LOCAL SINCE 1951 • Robert Graves is still crafting Seacrest, the resort that brought his family to Hilton Head Island almost 70 years ago.

Raised side by side with native Gullah, he can still slip into their language (although he admits it takes a few glasses of wine). And if you ask him what it was like, he’ll weave together stories of great hunts with his dog Red Rover that stretched from the Colleton River down to the May and west to where the great asphalt tumult of I-95 now runs. He’ll tell you of the peaceful existence of a kid raised on a farm in the midst of a vast natural paradise.

“Back then it was virgin timber. They’d burn the wood so you’d see under the canopy. It was just beautiful. Deer would be hopping and cattle would be grazing but it was just a different picture then than it is today.”

He came to Hilton Head Island in 1951, when his father bought the Seacrest with an eye toward providing a bed for those who’d missed the ferry. The hotel’s first innkeeper was a doormat, where guests would find a key and leave a $20 after checkout. His father would eventually build on this success until the Seacrest had more than 100 rooms and one of the island’s best restaurants.

And with that, the young Robert Graves saw a future in helping build this island. Selling his beloved livestock to fund his first project, he began building on the island in force in 1959. When he became the preferred builder for Charles Fraser, it was off to the races, with Graves crafting the homes that would fuel the great land rush onto Hilton Head Island. You’re likely to still find him out on site, swinging a hammer.

“It keeps my mind challenged,” he said. “I can truly say I wake up every day and I can’t wait to do what I do. It’s full of dirt and sawdust and all that, but I just enjoy creativity.”

Where his creativity truly shines is in his stories, stories to which we couldn’t possibly do justice. Late-night fox hunts filled with good-natured pranks. How his love of building boats saw him creating one for legendary boat builder John Rybovich (“That’s like Ernest Hemingway asking you to help him write a book.”) How the front room at what is now The Pearl was once Bluffton’s premiere spot to play some Fats Domino on the jukebox. How the 1972 oil embargo saw him flat broke, with nearly $10 million in work on the ground.

He’ll tell you all about his fascinating journey, and how it all happened in a place he still loves, no matter how much it has changed.

“You can’t take it back to the beauty of what I grew up in. I can tell you about it, but there’s no way to even paint a picture of what it looked like,” he said. “You’d come down these little roads and the moss would be hanging down and it was beautiful. But you had to widen the roads to make them safe. You had to build a bridge to keep the economics going. I’m not against productive things. If it’s creative, I like it even better.”

Frederick C. Hack, Jr.

The sounds and smells were different

Seated in the living room of his gorgeous Spanish Wells home, Frederick C. Hack Jr. is surrounded by reminders of his youth on a Hilton Head Island that was much different from today’s resort paradise. Walls to either side of him hold artwork that came from Honey Horn Plantation in which he grew up. And the windows before and behind him overlook the lush natural beauty that defines this island – Spanish moss dancing in the live oaks on breezes that come across the water. Both elements, the history and the scenery of unspoiled wilderness, define his upbringing.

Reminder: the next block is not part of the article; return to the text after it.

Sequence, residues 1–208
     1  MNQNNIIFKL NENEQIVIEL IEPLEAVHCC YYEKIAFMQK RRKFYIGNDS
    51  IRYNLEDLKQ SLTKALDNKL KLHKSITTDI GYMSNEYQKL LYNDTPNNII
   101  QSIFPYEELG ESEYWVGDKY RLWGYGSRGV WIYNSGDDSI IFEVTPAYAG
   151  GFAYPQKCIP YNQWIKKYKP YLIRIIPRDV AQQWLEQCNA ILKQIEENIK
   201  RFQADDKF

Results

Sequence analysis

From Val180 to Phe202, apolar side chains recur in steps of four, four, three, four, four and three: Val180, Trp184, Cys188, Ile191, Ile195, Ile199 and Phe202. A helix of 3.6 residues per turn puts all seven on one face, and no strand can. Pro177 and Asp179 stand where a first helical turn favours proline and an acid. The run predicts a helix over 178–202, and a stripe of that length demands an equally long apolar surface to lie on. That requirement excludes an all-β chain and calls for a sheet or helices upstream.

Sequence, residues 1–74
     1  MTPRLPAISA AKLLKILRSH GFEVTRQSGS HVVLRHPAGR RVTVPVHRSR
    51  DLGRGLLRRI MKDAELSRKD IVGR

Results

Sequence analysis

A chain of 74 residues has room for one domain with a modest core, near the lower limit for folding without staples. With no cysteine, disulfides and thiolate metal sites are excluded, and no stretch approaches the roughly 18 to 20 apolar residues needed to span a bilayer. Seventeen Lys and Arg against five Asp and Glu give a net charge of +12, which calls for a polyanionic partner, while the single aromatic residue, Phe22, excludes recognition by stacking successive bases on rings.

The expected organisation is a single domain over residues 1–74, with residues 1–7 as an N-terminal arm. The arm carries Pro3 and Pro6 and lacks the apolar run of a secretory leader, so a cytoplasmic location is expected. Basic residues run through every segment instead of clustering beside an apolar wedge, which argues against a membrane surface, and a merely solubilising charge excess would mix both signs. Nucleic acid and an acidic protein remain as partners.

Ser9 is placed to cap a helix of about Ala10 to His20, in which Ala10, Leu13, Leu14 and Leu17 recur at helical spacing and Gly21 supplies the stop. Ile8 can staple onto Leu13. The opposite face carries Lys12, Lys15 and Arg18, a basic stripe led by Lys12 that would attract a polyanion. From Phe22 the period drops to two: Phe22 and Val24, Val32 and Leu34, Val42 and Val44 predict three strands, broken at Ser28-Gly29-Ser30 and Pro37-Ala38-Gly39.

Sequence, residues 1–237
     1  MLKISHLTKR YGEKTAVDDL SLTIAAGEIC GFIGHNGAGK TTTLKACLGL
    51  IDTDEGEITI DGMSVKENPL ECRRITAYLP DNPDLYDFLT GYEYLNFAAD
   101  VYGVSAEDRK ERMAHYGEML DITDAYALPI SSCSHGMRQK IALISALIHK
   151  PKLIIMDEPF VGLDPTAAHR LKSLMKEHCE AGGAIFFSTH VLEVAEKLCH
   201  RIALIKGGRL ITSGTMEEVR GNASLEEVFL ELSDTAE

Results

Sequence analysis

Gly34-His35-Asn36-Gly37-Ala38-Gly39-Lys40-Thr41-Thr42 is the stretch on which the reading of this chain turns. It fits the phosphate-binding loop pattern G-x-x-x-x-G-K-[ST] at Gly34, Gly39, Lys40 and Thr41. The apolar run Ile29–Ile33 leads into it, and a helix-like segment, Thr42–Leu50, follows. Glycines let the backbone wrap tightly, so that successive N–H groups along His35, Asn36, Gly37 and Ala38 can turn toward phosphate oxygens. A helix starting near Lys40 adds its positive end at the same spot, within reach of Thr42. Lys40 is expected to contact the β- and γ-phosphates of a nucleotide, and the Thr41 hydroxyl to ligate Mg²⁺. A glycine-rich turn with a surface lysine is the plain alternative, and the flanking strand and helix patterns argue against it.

LOCAL SINCE 1950• One of the most historic places to visit on Hilton Head is Honey Horn Plantation. Frederick C. Hack Jr. grew up there.

“I don’t remember stories. I remember going into the dog kennels and smelling that food,” he said, his eyes far away. Far from the convenience of pet food stores, dogs at Honey Horn ate wild game, turnip greens, or whatever was lying around. “There’s another memory I hear, I don’t smell. The public road to the Spanish Wells and Joneseville areas was Honey Horn Lane that ran across Jarvis Creek. You can still see where the bridge was – of course it’s been pulled out, but there are two pieces of causeway. The marsh tacky traffic was by wagon and horseback. After dark, I could hear those horses galloping past the house.”

The smells of farm life and the sounds of an island on which the majority of travel was by horseback, this is the Hilton Head Island that Hack remembers.

Brought to the island in June 1950 at 3 years old, Hack grew up on Honey Horn Plantation, among the fields, woods, creeks and buildings that now house the Coastal Discovery Museum. His father had come to the island drawn by timber but would soon become one of the developers who would ultimately build Hilton Head Island’s future, and an icon in the island’s history. But for the younger Hack, the wonder of the island wasn’t in its timbers but in the quiet bucolic childhood it afforded him.

“Most of my life was centered on Honey Horn,” he said. “We played in the barn, we climbed trees. There was activity all the time.”